WHEELING - For a group of local professional storytellers, telling a tall tale is more than just a fun hobby - it's an important act of preserving history and connecting with other people.
Three award-winning local storytellers - Andy Fraenkel, Judi Tarowsky and Rich Knoblich - belong to the West Virginia Storytelling Guild and are carrying on the ancient tradition of storytelling in an age of instant information in the form of "tweets" and "texts." They travel the country to perform in storytelling festivals, sharing tall tales, folklore, ghost stories, history, family memories and more - all for the sake of preserving one of the oldest forms of communication.
"Storytelling is passing down information," Fraenkel said. "In cultures around the world, before there was technology the history of that culture or what the morals were and who the good guys, heroes and bad guys were, it was all embedded in stories."
Photo by Sarah Harmon
Local storytellers, from left, Andy Fraenkel, Judi Tarowsky and Rich Knoblich gather at a local coffee shop to discuss their passion of telling tales.
Fraenkel conducts a workshop called "In Search of Story." Adults can learn how to tap into their own stories to share, something he learned to do as a young German immigrant to New York.
"When I came to America, I was thrust into the public school system and it was a total cultural shock," Fraenkel said. "I had difficulties coping with that and expressing myself. Just being in New York and to deal with communicating, it was daunting. The way you express yourself is very important, and I've been grappling with that. Storytelling has been a lifelong struggle to develop communication skills."
Fraenkel was heavily involved in theater work before he had a massive heart attack about 20 years ago. He said he couldn't continue theater, but just before the attack, he had discovered a national storytelling organization in Tennessee.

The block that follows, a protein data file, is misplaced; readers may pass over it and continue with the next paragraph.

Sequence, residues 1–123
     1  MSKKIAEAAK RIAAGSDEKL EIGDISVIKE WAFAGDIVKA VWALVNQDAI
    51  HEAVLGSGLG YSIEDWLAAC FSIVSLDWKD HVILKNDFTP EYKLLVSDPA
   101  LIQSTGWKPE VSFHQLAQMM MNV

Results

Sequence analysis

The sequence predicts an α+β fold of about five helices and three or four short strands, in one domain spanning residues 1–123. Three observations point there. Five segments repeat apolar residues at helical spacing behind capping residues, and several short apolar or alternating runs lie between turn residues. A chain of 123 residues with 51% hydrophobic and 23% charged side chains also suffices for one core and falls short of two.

"I was flabbergasted people were actually making a living traveling the country sharing stories," Fraenkel said.
Knoblich has won eight ribbons from the West Virginia Liar's Contest over the years and has authored "Talking 'bout the Relatives: Tales That Grow Taller with Each Telling." He said a good storyteller is simply someone who likes good conversation.
"You have to pay attention," Knoblich said. "You have to constantly be in communication. You can't just memorize a story and tell it, it has to be organic."
Tarowsky, a St. Clairsville resident who has performed all over the local area, said one important role of stories is preserving the history of a family. She said these family stories can be lost in only three generations, so she tries to encourage people to talk to their grandparents, parents and children and share stories of each other's lives.
"I think it helps people make sense of their world when they hear a story," Tarowsky said. "We are bombarded with information, we are bombarded with facts, but to take those facts and find how this relates to me. People come together based on stories they share."
Knoblich and Tarowsky will be performing their stories at a storytelling festival Sept. 26-27 at Prickett's Fort State Park in Fairmont, W.Va.